I wish I had a more inspired rationale for why I choose the comics I’m going to read. Many are either properties I already like or recommendations from other fans. When it comes to finding new works, I tend to choose based on the cover and title. The one good thing about this is that I often go into stories with little to no expectations which is exactly how I approached Ghost Tree #1.
Ghost Tree, as far as I can tell from this first issue, is about a Japanese man named Brandt who is living in America. When Brandt was young, his grandfather showed him the titular Ghost Tree in their ancestral home in Japan and left Brandt with the cryptic instructions to return to that spot ten years after he has passed away. Flash forward to the present, and Brandt returns home to fulfill his grandfather’s dying request while also avoiding his own personal demons back in America. All of these events are presided over by a mysterious spirit in green robes.
I can’t say much more about the plot from there; this first issue mostly lays groundwork and background for a larger narrative. When it comes to first issues, I try not to judge them as a completed work but as a hook to pull me into the world. In that regard, I think Ghost Tree is successful. The small hints we get at the more supernatural elements of the story are intriguing, especially the spirit in the green robes. I found myself frustrated that more didn’t happen in this first issue, but I think that just means I’m curious to read the next.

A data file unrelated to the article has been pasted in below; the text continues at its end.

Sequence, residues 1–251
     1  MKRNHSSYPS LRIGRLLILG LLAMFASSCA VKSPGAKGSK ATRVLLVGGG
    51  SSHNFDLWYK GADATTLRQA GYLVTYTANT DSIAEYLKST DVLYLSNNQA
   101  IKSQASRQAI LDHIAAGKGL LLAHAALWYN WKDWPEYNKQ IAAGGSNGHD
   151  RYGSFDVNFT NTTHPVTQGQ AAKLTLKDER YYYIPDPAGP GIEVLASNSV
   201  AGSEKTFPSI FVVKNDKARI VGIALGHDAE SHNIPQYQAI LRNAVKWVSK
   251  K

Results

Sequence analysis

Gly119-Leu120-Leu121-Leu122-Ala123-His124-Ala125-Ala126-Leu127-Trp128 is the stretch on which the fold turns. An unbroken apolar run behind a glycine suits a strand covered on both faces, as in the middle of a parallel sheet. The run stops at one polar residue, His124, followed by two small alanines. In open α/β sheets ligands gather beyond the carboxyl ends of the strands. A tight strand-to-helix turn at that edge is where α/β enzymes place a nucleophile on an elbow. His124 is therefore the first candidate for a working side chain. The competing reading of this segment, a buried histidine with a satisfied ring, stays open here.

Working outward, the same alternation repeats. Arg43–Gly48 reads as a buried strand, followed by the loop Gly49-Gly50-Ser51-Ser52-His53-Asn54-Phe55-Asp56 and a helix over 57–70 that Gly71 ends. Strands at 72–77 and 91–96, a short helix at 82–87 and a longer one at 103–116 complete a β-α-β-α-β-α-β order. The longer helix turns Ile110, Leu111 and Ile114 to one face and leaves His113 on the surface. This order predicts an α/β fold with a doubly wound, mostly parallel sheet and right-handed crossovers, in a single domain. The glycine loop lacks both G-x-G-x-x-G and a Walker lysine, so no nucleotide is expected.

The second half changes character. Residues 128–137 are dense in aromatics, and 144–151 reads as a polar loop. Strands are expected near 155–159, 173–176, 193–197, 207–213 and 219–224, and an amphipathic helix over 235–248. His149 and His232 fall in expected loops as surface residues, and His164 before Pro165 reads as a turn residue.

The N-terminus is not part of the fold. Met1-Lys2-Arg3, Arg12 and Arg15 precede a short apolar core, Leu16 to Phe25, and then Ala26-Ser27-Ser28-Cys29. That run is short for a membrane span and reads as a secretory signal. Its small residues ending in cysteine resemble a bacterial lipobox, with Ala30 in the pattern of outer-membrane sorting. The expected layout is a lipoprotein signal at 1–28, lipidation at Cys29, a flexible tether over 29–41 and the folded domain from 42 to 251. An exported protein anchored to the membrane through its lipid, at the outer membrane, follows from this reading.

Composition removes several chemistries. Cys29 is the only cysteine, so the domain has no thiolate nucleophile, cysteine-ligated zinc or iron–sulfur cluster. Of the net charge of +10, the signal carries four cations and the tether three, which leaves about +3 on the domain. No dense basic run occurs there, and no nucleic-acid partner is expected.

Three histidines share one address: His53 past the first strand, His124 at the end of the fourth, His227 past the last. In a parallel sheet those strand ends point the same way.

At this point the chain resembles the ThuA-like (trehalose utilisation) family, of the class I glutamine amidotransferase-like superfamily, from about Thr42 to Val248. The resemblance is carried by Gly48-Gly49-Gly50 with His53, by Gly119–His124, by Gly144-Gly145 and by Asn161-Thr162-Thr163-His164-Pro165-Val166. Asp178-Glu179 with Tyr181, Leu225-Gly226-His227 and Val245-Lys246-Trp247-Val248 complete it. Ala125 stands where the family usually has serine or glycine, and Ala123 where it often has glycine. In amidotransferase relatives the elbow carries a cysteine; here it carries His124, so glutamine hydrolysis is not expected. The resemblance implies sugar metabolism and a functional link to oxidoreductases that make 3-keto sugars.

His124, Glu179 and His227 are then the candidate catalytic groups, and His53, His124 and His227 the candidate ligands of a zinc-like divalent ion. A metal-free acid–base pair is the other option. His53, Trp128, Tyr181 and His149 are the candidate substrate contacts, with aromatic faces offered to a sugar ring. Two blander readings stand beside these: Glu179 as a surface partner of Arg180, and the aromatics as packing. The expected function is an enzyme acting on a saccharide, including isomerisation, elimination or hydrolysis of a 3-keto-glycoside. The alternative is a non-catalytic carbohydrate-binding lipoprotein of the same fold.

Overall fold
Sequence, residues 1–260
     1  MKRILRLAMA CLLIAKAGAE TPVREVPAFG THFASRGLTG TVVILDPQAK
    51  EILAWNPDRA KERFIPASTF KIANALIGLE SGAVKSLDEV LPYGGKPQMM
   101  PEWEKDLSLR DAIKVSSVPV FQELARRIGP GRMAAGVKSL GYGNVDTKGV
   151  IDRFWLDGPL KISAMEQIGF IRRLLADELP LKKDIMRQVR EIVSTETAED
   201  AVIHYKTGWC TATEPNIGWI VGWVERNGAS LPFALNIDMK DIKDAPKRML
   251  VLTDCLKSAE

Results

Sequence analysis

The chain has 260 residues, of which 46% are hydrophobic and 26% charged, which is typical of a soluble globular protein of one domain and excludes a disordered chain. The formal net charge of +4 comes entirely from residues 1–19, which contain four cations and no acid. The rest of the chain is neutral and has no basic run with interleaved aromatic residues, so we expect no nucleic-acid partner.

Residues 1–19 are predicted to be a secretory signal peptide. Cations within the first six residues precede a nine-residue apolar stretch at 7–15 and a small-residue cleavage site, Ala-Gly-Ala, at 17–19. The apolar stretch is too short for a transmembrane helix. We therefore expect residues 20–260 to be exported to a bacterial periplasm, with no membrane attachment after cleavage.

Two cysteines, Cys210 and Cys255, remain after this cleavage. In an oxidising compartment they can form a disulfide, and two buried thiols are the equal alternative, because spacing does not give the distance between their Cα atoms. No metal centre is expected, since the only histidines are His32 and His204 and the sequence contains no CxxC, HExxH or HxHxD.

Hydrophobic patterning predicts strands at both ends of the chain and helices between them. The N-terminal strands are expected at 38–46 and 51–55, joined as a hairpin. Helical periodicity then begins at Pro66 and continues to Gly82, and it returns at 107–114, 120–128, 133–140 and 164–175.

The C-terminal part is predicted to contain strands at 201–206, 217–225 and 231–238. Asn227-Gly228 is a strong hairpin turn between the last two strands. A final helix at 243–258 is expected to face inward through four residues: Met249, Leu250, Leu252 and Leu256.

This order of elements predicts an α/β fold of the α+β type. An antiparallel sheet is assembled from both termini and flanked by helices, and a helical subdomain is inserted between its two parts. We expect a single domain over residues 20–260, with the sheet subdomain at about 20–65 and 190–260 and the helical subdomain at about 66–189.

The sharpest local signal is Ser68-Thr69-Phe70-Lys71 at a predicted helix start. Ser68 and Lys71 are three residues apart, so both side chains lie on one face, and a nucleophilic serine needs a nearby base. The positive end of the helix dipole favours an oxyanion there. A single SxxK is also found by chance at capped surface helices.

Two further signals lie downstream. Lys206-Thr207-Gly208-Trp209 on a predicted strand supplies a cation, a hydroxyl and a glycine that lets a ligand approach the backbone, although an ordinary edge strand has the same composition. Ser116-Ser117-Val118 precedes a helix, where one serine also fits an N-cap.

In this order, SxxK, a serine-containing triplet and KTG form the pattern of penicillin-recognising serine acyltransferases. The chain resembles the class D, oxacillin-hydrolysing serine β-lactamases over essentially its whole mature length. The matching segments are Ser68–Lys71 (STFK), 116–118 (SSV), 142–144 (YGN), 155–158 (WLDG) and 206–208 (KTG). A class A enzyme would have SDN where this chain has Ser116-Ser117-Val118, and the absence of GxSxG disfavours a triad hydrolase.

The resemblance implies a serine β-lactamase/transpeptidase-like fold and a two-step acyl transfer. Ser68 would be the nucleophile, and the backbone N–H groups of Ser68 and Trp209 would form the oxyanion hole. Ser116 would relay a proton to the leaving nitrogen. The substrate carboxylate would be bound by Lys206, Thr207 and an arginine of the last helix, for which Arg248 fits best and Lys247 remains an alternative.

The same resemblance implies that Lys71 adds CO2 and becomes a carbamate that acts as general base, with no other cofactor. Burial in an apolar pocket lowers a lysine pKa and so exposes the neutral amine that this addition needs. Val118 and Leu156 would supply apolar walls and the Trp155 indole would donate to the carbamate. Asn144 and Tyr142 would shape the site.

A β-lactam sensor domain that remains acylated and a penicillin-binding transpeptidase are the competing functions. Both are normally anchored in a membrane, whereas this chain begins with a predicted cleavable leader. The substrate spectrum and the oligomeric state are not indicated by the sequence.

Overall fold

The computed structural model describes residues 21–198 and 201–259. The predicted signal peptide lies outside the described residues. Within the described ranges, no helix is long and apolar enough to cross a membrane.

I’m usually pulled into comics more by their stories than by their artwork, but in the case of Ghost Tree, I found the reverse to be true. The artwork is understated. It doesn’t feel overly detailed or too simplistic. It has a nice balance between the more extreme styles that can often frustrate me.
Skimming through the book quickly, you’re likely to miss the truly brilliant details in this book. There’s subtle symbolism like Brandt wearing very similar outfits when he encounters the ghost tree as a child and as an adult, but the best part of this book is its use of color. When Brandt is in cold, urban environments everything is tinted blue and gray, but when he enters the forest that houses the ghost tree, the colors shift to green and yellow. Interestingly, the color red barely appears in the comic. By my count, red is used only twice in the entire book.
Ghost Tree #1 has piqued my interest. I’m not going to say this first issue was revolutionary, but it certainly got me wondering where they’re going to take the story, and the beautiful artwork hints at a deeper symbolic meaning to everything we see here at the beginning. My honest advice would be to wait until three or four issues are out, because this first one won’t be enough to really dig into the narrative that they’re creating. That being said, I’ve got some high hopes about how things will develop in later issues.
Creative Team: Bobby Curnow (Writer), Simon Gane (Artist), Ian Herring (Colorist), Becka Kinzie (Colorist), Chris Mowry (Letterer), Takuma Okada (Consultant)
Publisher: IDW Publishing
Click here to purchase.